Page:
This work was supported by the Scottish Funding Council SPIRIT programme and the EPSRC Centre for Innovative Manufacturing in Continuous Manufacturing and Crystallisation (CMAC; EP/I033459/1).

Notes and references

  1. J. Haleblian and W. McCrone, J. Pharm. Sci., 1969, 8, 91 Search PubMed.
  2. G. P. Stahly, Cryst. Growth Des., 2007, 7, 1007 CAS.
  3. J. Bauer, S. Spanton, R. Henry, J. Quick, W. Dziki, W. Porter and J. Morris, Pharm. Res., 2001, 18, 859 CrossRef CAS.
  4. N. Schultheiss and A. Newman, Cryst. Growth Des., 2009, 9, 2950 CAS.
  5. S. V. Lindeman, V. E. Shklover and Y. T. Struchkov, Cryst. Struct. Commun., 1981, 10, 1173 CAS.
  6. J. L. Daschbach, T. Chang, L. R. Corrales, L. X. Dang and P. McGrail, J. Phys. Chem. B, 2006, 110, 17291 CrossRef CAS PubMed.
  7. D. Chopra, T. P. Mohan, K. S. Rao and T. N. G. Row, CrystEngComm, 2005, 7, 374 RSC.
  8. P. Erk, H. Hengelsberg, M. F. Haddow and R. van Gelder, CrystEngComm, 2004, 6, 474 RSC.
  9. D. I. A. Millar, I. D. H. Oswald, D. J. Francis, W. G. Marshall, C. R. Pulham and A. S. Cumming, Chem. Commun., 2009, 562 RSC.
  10. Y. Wang, W. Tam, S. H. Stevenson, R. A. Clement and J. Calabrese, Chem. Phys. Lett., 1988, 148, 136 CrossRef CAS.
  11. A. D. Bond, K. A. Solanko, S. Parsons, S. Redder and R. Boese, CrystEngComm, 2011, 13, 399 RSC.
  12. N. K. Nath and A. Nangia, CrystEngComm, 2011, 13, 47 RSC.
  13. K. Chadwick, A. Myerson and B. Trout, CrystEngComm, 2011, 13, 6626 RSC.
  14. R. J. Davey and N. Blagden, J. Am. Chem. Soc., 1997, 119, 1767 CrossRef CAS.
  15. L. H. Thomas, C. Wales, L. Zhao and C. C. Wilson, Cryst. Growth Des., 2011, 11, 1450 CAS.
  16. A. S. Cannon and J. C. Warner, Cryst. Growth Des., 2002, 2, 255 CAS.
  17. N. K. Nath, S. S. Kumar and A. Nangia, Cryst. Growth Des., 2011, 11, 4594 CAS.
  18. M. Rafilovich and J. Bernstein, J. Am. Chem. Soc., 2006, 128, 12185 CrossRef CAS PubMed.
  19. G. M. Day, A. V. Trask, W. D. S. Motherwell and W. Jones, Chem. Commun., 2006, 54 RSC.
  20. P. Sanphui, N. R. Goud, U. B. R. Khandavilli, S. Bhanoth and A. Nangia, Chem. Commun., 2011, 47, 5013 RSC.
  21. (a) Y. Lu, F. Jiang, H. Jiang, K. Wu, X. Zheng, Y. Cai, M. Katakowski, M. Chopp and S. S. T. To, Eur. J. Pharmacol., 2010, 641, 102 CrossRef CAS PubMed; (b) D. H. Priscilla and P. S. M. Prince, Chem.-Biol. Interact., 2009, 179, 118 CrossRef CAS PubMed; (c) H. D. Clarke, K. K. Arora, Ł. Wojtas and M. J. Zaworotko, Cryst. Growth Des., 2011, 11, 964 CrossRef CAS; (d) X. Zhao, W. Zhang and S. J. Kong, J. Liq. Chromatogr. Relat. Technol., 2007, 30, 235 CrossRef CAS.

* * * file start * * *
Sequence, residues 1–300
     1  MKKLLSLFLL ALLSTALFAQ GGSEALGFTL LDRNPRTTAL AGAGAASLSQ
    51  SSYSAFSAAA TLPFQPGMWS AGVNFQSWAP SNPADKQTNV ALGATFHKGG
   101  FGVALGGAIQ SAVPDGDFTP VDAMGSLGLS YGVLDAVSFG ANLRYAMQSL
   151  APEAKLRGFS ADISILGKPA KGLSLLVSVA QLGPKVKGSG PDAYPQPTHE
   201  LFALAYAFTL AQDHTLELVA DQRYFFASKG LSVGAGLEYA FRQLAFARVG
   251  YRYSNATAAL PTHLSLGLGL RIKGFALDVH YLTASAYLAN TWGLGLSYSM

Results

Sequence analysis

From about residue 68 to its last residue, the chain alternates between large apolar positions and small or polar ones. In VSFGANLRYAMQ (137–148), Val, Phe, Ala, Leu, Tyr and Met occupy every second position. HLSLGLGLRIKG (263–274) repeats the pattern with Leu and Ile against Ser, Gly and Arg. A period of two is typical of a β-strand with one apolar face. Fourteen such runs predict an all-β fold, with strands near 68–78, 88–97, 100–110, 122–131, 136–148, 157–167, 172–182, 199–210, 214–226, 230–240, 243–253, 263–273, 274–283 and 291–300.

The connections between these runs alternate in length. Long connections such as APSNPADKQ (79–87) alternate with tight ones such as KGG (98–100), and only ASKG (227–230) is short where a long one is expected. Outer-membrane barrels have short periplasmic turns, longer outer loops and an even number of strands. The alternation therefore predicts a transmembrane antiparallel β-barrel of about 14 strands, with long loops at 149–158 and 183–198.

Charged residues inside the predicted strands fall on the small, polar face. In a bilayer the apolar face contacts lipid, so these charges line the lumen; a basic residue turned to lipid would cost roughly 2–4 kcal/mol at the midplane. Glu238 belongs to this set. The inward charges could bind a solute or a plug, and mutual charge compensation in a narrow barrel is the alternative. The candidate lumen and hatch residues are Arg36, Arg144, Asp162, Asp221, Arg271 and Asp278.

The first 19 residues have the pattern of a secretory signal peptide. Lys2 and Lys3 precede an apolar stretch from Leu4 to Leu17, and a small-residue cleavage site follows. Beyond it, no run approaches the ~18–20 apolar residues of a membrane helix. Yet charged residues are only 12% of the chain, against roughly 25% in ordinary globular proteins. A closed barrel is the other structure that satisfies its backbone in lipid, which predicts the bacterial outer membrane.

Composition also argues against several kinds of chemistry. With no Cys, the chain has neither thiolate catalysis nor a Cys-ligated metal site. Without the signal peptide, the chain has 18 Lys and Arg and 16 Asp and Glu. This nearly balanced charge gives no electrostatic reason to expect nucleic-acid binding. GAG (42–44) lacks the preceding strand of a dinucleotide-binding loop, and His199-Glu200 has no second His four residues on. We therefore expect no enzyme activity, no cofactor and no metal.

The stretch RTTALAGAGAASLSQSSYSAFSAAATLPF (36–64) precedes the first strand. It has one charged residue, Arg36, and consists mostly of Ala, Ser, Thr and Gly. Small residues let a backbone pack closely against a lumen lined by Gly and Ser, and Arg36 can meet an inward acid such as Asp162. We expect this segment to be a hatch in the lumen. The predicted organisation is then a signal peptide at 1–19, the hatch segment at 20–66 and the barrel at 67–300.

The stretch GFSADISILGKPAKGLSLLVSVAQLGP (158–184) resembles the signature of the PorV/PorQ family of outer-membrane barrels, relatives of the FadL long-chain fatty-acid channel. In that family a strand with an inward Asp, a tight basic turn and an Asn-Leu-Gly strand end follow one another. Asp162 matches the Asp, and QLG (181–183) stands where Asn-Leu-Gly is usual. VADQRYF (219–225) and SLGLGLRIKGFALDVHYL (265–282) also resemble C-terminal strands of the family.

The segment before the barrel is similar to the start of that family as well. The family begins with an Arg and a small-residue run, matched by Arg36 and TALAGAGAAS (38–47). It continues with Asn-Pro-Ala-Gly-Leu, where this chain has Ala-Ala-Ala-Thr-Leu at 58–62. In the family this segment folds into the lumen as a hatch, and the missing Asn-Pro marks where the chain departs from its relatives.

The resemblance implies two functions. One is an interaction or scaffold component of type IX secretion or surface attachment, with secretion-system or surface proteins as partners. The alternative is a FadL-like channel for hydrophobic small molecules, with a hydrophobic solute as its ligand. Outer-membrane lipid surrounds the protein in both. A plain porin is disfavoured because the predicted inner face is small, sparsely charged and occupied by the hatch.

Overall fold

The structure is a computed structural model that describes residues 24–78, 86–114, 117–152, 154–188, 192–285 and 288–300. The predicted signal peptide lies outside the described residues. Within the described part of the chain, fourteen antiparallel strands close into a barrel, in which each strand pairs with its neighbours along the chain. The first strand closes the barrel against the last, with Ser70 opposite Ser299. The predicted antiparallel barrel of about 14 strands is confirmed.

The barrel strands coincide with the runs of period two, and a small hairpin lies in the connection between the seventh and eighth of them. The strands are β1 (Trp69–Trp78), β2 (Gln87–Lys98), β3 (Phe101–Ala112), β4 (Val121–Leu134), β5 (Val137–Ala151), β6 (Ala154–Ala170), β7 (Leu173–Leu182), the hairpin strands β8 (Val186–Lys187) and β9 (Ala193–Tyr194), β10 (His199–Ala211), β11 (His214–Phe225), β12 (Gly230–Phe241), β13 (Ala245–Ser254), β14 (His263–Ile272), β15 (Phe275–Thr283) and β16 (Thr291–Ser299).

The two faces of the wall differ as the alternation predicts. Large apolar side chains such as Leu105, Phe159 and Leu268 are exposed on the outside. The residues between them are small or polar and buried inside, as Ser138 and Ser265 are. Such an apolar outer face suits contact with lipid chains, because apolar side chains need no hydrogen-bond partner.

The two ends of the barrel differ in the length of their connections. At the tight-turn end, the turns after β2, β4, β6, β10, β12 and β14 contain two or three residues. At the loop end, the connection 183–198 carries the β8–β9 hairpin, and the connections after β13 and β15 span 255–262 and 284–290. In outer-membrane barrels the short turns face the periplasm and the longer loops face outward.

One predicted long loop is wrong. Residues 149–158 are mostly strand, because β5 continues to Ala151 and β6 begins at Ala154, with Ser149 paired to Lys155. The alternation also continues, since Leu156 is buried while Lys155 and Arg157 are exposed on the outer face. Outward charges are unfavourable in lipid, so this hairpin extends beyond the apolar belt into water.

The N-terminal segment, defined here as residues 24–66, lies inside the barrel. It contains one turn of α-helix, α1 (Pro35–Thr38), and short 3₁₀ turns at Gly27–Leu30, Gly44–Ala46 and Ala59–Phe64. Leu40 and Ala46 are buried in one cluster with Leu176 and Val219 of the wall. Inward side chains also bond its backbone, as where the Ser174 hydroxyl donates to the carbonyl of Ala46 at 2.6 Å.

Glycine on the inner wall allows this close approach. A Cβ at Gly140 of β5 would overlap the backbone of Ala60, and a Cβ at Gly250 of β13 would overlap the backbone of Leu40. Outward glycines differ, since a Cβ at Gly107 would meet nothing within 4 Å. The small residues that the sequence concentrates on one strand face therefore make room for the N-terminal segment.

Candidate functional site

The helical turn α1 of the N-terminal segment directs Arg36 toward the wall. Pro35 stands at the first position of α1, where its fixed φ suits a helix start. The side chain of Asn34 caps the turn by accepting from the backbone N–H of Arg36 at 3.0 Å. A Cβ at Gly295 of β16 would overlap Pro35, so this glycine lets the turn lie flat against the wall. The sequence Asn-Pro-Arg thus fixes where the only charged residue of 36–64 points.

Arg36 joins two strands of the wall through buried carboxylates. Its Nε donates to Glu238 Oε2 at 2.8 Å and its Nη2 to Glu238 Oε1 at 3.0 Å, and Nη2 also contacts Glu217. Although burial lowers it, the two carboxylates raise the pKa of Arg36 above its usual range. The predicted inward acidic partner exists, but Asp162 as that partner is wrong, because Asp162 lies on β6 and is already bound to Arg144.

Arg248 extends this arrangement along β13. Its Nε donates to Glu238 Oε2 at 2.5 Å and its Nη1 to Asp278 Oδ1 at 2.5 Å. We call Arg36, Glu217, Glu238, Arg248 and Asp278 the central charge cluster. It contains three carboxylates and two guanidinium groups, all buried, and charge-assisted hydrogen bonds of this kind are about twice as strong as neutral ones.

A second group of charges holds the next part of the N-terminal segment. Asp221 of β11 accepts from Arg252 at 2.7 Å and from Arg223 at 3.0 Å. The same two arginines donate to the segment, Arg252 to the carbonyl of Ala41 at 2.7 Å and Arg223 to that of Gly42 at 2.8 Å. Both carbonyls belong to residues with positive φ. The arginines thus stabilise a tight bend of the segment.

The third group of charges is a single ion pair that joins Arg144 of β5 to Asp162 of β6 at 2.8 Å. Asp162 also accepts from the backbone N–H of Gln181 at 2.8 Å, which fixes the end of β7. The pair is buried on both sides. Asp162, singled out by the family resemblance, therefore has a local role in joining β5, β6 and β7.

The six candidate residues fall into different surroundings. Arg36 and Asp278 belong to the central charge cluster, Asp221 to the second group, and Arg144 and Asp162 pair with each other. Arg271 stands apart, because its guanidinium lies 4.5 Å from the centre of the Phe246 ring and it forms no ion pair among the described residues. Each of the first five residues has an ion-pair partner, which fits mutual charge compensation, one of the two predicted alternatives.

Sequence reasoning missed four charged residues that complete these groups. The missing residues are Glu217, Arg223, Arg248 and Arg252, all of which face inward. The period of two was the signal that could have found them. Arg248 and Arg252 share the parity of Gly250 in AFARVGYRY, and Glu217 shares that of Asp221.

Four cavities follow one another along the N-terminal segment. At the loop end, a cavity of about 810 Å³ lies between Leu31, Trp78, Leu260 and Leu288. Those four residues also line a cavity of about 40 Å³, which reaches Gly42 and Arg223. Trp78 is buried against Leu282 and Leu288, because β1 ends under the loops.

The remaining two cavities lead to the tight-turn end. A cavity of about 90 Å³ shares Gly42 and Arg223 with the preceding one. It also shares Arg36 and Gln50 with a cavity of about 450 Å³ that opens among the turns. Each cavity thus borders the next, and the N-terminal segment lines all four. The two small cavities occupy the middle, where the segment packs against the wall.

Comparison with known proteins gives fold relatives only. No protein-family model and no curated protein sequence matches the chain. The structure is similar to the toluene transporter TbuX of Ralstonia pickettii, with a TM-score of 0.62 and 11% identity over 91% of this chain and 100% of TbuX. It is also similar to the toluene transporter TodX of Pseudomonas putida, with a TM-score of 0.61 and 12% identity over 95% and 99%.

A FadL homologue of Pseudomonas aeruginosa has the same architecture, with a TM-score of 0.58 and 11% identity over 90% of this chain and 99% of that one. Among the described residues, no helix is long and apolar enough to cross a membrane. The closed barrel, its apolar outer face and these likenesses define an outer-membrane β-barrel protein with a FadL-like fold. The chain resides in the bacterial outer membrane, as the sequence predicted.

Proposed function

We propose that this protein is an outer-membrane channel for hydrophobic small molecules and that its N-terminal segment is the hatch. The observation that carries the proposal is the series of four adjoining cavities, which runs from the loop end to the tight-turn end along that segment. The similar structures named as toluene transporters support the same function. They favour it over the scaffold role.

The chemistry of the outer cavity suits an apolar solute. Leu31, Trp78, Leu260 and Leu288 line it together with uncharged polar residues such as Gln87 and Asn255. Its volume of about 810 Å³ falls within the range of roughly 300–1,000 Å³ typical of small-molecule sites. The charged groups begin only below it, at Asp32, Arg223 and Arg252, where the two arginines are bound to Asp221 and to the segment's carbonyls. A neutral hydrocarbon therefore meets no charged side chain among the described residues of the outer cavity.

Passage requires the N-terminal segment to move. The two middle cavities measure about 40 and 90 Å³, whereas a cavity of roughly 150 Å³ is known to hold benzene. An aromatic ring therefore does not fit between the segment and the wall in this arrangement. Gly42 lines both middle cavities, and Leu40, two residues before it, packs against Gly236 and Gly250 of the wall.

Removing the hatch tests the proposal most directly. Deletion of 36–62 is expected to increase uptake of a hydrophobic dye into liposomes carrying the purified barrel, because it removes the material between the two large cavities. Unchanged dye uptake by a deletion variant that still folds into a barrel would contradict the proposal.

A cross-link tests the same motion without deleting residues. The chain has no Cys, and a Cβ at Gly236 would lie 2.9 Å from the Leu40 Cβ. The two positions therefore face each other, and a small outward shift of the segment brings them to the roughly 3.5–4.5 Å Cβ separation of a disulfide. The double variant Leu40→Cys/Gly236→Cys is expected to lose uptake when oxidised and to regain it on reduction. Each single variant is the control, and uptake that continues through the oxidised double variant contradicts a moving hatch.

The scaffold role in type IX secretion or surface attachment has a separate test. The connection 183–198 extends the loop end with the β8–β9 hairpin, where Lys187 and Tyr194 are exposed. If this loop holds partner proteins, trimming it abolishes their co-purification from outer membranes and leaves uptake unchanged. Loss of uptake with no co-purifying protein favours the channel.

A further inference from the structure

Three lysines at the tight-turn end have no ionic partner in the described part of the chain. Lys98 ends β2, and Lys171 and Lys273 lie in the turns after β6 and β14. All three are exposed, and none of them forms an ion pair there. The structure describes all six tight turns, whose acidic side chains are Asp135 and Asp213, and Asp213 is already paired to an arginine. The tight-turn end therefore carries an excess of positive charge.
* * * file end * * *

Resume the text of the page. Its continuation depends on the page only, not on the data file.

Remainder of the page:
22. (a) B. Kojic-Prodic and Z. Ruzic-Toros, Acta Crystallogr., 1982, B38, 2948 CrossRef CAS; (b) F. Vrecer, S. Srcic and J. Smid-Korbar, Int. J. Pharm., 1991, 68, 35 CrossRef CAS; (c) A. R. Sheth, S. Bates, F. X. Muller and D. J. W. Grant, Cryst. Growth Des., 2005, 5, 571 CrossRef CAS; (d) F. Vrecer, M. Vrbinc and A. Meden, Int. J. Pharm., 2003, 256, 3 CrossRef CAS PubMed.
  23. A. R. Sheth, S. Bates, F. X. Muller and D. J. W. Grant, Cryst. Growth Des., 2004, 4, 1091 CAS.
  24. J. Bordner, J. A. Richards, P. Weeks and E. B. Whipple, Acta Crystallogr., 1984, C40, 989 CAS.
  25. M. Nyström, J. Roine, M. Murtomaa, R. M. Sankaran, H. A. Santos and J. Salonen, Eur. J. Pharm. Biopharm., 2015, 89, 182 CrossRef PubMed.
  26. D. Louer and M. Louer, Acta Crystallogr., 1995, B51, 182 CAS.
  27. J. Zhao, I. A. Khana and F. R. Fronczek, Acta Crystallogr., 2011, E67, o316 Search PubMed.
  28. S. L. Childs and K. I. Hardcastle, Cryst. Growth Des., 2007, 7, 1291 CAS.
  29. M. Inoue, R. Suzuki, N. Sakaguchi, Z. Li, T. Takeda, Y. Ogihara, B. Y. Jiang and Y. Chen, Biol. Pharm. Bull., 1995, 18, 1526 CAS.
  30. J. R. Holst, A. Trewin and A. I. Cooper, Nat. Chem., 2010, 2, 915 CrossRef CAS PubMed.

Footnotes

Electronic supplementary information (ESI) available: Crystallisation conditions, PXRD confirming phase yield of 2 form-II, identity of 1-IIIcf. previous literature, production of 3-I, single crystal structure determination details and structural descriptions for 1-III, 1-IV, 1-MeOH, 4-H2O & 3–4. CCDC 1451204–1451208. For ESI and crystallographic data in CIF or other electronic format see DOI: 10.1039/c6cc01027j
Full details of molar ratios and other crystallisation conditions attempted in the multi-component crystallisations reported are given as ESI.
§ The focus here is on solid form discovery; the single crystals isolated unambiguously establish the production of novel solid forms, but are not necessarily the exclusive or majority product.

This journal is © The Royal Society of Chemistry 2016